Chiara Leonardi, Reading, Berks
Art is a way of grasping the world. Not merely the physical world, which is what science attempts to do; but the whole world, and specifically, the human world, the world of society and spiritual experience.
Art emerged around 50,000 years ago, long before cities and civilisation, yet in forms to which we can still directly relate. The wall paintings in the Lascaux caves, which so startled Picasso, have been carbon-dated at around 17,000 years old. Now, following the invention of photography and the devastating attack made by Duchamp on the self-appointed Art Establishment [see Brief Lives this issue], art cannot be simply defined on the basis of concrete tests like ‘fidelity of representation’ or vague abstract concepts like ‘beauty’. So how can we define art in terms applying to both cave-dwellers and modern city sophisticates? To do this we need to ask: What does art do? And the answer is surely that it provokes an emotional, rather than a simply cognitive response. One way of approaching the problem of defining art, then, could be to say: Art consists of shareable ideas that have a shareable emotional impact. Art need not produce beautiful objects or events, since a great piece of art could validly arouse emotions other than those aroused by beauty, such as terror, anxiety, or laughter. Yet to derive an acceptable philosophical theory of art from this understanding means tackling the concept of ‘emotion’ head on, and philosophers have been notoriously reluctant to do this. But not all of them: Robert Solomon’s book The Passions (1993) has made an excellent start, and this seems to me to be the way to go.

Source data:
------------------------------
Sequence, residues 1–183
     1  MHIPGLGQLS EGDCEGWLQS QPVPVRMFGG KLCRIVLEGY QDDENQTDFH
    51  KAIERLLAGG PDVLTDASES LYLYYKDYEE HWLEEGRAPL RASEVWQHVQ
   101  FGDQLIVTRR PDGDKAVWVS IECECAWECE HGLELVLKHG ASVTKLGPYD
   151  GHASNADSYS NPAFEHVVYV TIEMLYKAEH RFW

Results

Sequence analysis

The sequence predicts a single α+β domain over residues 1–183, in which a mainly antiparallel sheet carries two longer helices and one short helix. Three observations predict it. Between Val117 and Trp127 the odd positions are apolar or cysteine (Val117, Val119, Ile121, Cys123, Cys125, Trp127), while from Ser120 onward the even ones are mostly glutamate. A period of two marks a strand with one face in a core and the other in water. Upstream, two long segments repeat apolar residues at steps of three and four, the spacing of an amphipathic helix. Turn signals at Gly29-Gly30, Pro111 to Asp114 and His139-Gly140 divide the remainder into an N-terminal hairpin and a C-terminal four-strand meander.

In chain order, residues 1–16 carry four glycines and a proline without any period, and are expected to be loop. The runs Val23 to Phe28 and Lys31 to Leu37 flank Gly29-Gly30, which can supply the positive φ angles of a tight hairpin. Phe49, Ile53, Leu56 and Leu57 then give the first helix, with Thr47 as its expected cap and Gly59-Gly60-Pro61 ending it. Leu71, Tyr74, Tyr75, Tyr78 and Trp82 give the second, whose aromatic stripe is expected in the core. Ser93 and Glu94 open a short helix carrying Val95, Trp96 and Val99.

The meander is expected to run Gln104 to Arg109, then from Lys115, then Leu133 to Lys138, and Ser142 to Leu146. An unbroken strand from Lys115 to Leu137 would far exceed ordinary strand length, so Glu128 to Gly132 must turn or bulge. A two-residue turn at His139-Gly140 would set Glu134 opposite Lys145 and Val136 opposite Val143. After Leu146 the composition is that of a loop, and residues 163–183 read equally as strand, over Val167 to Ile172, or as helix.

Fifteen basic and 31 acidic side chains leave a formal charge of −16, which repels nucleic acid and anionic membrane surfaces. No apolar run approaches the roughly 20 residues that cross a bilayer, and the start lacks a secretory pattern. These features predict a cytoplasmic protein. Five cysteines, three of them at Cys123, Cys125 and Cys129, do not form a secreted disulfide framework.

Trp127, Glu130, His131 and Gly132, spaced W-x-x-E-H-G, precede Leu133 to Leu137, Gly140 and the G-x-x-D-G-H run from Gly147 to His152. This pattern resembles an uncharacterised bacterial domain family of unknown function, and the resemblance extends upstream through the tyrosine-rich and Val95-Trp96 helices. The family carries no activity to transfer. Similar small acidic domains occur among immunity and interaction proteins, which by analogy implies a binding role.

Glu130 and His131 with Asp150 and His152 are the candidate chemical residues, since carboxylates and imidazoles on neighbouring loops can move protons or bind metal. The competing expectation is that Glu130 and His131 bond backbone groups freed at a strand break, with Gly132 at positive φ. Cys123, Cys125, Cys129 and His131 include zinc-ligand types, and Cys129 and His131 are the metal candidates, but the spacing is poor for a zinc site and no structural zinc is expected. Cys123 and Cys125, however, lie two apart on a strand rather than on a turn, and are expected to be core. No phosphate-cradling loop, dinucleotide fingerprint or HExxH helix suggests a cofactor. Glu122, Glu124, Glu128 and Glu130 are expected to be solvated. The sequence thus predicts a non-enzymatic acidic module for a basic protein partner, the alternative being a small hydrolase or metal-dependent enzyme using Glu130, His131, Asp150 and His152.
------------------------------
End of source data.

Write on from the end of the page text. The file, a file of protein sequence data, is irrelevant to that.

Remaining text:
It won’t be easy. Poor old Richard Rorty was jumped on from a very great height when all he said was that literature, poetry, patriotism, love and stuff like that were philosophically important. Art is vitally important to maintaining broad standards in civilisation. Its pedigree long predates philosophy, which is only 3,000 years old, and science, which is a mere 500 years old. Art deserves much more attention from philosophers.
Alistair MacFarlane, Gwynedd
Some years ago I went looking for art. To begin my journey I went to an art gallery. At that stage art to me was whatever I found in an art gallery. I found paintings, mostly, and because they were in the gallery I recognised them as art. A particular Rothko painting was one colour and large. I observed a further piece that did not have an obvious label. It was also of one colour – white – and gigantically large, occupying one complete wall of the very high and spacious room and standing on small roller wheels. On closer inspection I saw that it was a moveable wall, not a piece of art. Why could one piece of work be considered ‘art’ and the other not?
The answer to the question could, perhaps, be found in the criteria of Berys Gaut to decide if some artefact is, indeed, art – that art pieces function only as pieces of art, just as their creators intended.
But were they beautiful? Did they evoke an emotional response in me? Beauty is frequently associated with art. There is sometimes an expectation of encountering a ‘beautiful’ object when going to see a work of art, be it painting, sculpture, book or performance. Of course, that expectation quickly changes as one widens the range of installations encountered. The classic example is Duchamp’s Fountain (1917), a rather un-beautiful urinal.
Can we define beauty? Let me try by suggesting that beauty is the capacity of an artefact to evoke a pleasurable emotional response. This might be categorised as the ‘like’ response.
I definitely did not like Fountain at the initial level of appreciation. There was skill, of course, in its construction. But what was the skill in its presentation as art?
So I began to reach a definition of art. A work of art is that which asks a question which a non-art object such as a wall does not: What am I? What am I communicating? The responses, both of the creator artist and of the recipient audience, vary, but they invariably involve a judgement, a response to the invitation to answer. The answer, too, goes towards deciphering that deeper question – the ‘Who am I?’ which goes towards defining humanity.